Chang-Díaz proposal gets some votes; ‘local option’ approved
The state Senate last week followed the House in recommending sales tax increases to help deal with the almost $5 billion structural deficit the state is facing heading into the new fiscal year.
While she voted to approve the Senate budget, the sales tax increase was not local Sen. Sonia Chang-Díaz’s first choice for revenue generation. The freshman senator led an ultimately unsuccessful charge to increase the state income tax.
The income tax amendment would have raised the income tax rate to 5.95 percent, raising an estimated $1.4 billion in revenue.
“We wanted to widen the debate around revenue,” Chang-Díaz told the Gazette, to ensure the state is deal-ing with the deficit “in the most fair and progressive way possible.”
The income tax was always a long shot. At a May 7 community forum on the 2010 state budget, state Rep. Liz Malia said most state officials “look at you like you stood up in church and yelled ‘sex’ at the top of your lungs” if you even mention it.
State Rep. Jeff Sánchez said he had proposed an income tax increase in 2005. He said he recalls represen-tatives from Wenham and North Attleboro sitting behind him laughing—“Saying, ‘Ha, ha, ha, you got five votes.’”
At the forum, Chang-Díaz had responded to Malia’s quip by saying “We need to start yelling ‘sex’ in church,” but she did not explicitly call for an income tax increase at that time.
Her proposal did do better than Sánchez’s 2005 effort, garnering 11 of the Senate’s 50 votes, and four from members of the Senate leadership, she told the Gazette.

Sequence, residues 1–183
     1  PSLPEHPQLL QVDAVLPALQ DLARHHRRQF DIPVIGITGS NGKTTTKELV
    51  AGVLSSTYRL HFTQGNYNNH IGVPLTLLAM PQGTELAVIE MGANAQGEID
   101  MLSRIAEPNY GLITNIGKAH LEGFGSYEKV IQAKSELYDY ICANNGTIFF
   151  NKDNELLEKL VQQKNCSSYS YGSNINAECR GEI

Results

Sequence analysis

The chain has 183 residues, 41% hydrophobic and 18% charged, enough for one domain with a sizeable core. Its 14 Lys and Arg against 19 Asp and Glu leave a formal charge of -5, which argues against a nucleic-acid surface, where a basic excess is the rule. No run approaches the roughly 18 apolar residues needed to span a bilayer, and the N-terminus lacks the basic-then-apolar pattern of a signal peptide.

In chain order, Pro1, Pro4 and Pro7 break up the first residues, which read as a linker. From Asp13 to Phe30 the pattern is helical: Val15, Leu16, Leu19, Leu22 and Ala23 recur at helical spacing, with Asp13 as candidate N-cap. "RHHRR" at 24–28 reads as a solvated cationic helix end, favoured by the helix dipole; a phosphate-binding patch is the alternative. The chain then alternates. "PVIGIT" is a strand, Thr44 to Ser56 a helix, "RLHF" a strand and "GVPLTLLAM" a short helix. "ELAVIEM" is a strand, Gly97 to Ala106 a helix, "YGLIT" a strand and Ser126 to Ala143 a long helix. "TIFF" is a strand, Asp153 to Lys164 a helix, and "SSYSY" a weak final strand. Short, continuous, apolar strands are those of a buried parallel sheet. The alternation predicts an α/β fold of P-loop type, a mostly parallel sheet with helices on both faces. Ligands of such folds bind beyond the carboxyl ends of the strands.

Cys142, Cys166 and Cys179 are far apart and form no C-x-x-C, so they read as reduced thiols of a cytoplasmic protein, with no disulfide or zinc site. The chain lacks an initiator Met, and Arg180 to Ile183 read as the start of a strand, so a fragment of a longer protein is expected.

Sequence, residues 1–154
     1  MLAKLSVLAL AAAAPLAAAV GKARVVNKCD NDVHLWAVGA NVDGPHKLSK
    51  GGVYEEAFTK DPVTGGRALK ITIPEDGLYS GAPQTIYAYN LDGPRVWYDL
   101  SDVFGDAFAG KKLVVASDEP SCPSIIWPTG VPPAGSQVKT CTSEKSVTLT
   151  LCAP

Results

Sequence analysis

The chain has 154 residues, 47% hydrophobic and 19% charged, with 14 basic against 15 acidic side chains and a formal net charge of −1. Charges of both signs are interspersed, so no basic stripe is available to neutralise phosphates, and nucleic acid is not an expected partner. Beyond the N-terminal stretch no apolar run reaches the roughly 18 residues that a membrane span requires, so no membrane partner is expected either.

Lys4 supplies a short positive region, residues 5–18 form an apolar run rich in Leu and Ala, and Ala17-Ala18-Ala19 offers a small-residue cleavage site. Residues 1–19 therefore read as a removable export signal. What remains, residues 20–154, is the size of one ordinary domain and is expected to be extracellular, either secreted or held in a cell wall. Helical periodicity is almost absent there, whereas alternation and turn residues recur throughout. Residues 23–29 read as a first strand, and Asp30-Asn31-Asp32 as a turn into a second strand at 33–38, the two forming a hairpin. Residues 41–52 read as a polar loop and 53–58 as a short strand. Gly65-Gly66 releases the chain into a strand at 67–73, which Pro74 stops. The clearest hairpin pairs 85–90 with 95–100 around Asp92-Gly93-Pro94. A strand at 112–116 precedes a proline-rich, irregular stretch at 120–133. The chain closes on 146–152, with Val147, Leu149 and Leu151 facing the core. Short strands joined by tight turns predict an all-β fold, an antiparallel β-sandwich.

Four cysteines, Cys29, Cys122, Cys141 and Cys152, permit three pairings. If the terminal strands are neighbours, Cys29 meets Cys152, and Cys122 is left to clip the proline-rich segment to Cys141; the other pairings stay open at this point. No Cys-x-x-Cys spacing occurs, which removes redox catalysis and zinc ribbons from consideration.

In the end, the Senate followed the House’s lead, increasing the sales tax from 5 percent to 6.25 per-cent. The Senate version of the budget also includes a repeal of the sales tax exemption on alcohol—with the proceeds slated to reduce cuts to public health programs—and new “local option” taxes intended to help cit-ies and towns raise new revenue in the face of reduced local aid from the state.
While the House in April projected the sales tax would bring in $900 million, that projection has been revised down in the Senate budget to $633 million because of still-darkening economic projections for the coming year.
Locally, the rallying cry was for more new taxes at the May 7 forum hosted by the Ward 11 and ward 19 Democratic Party committees at English High School.
Doug Howgate from the non-profit Massachusetts Budget and Policy Center told the audience of about 50 that the income tax is more “progressive” than the sales tax. Progressive means that people with higher in-comes end up contributing a larger percentage of their incomes under the tax.
People earning less than $34,000 a year spend between 3 and 4 percent of their income on sales tax, whereas people who make more than $97,000 a year spend less than 1.5 percent, he said.
Income tax, Howgate said, functions in the exact opposite way. While the state constitution prohibits a graduated income tax, subsidies—like earned income tax credit, personal exemptions and “no-tax status” for individuals earning under $16,400 a year—make it effectively progressive. People making less than $34,000 a year end up contributing about 2 percent of their income, and those making more than $94,000 a year pay about 4 percent.
That sounded good to many forum attendees.
JP resident Dale Mitchell, executive director of the non-profit Ethos, which provides social services for senior citizens, expressed tax angst during one of the evenings question-and-answer periods.
There was the possibility, he said, that “horrible cuts were going to be made to the services my agency provides.”
Ethos’s state budget allocation is on safer ground now, but only “with a tax that is very regres-sive…What’s to be done?” Mitchell asked.
JP resident Nancy Sableski said she was surprised that the income tax is such a hard sell. “Isn’t Massa-chusetts supposed to be blue, progressive and wealthy?” she asked.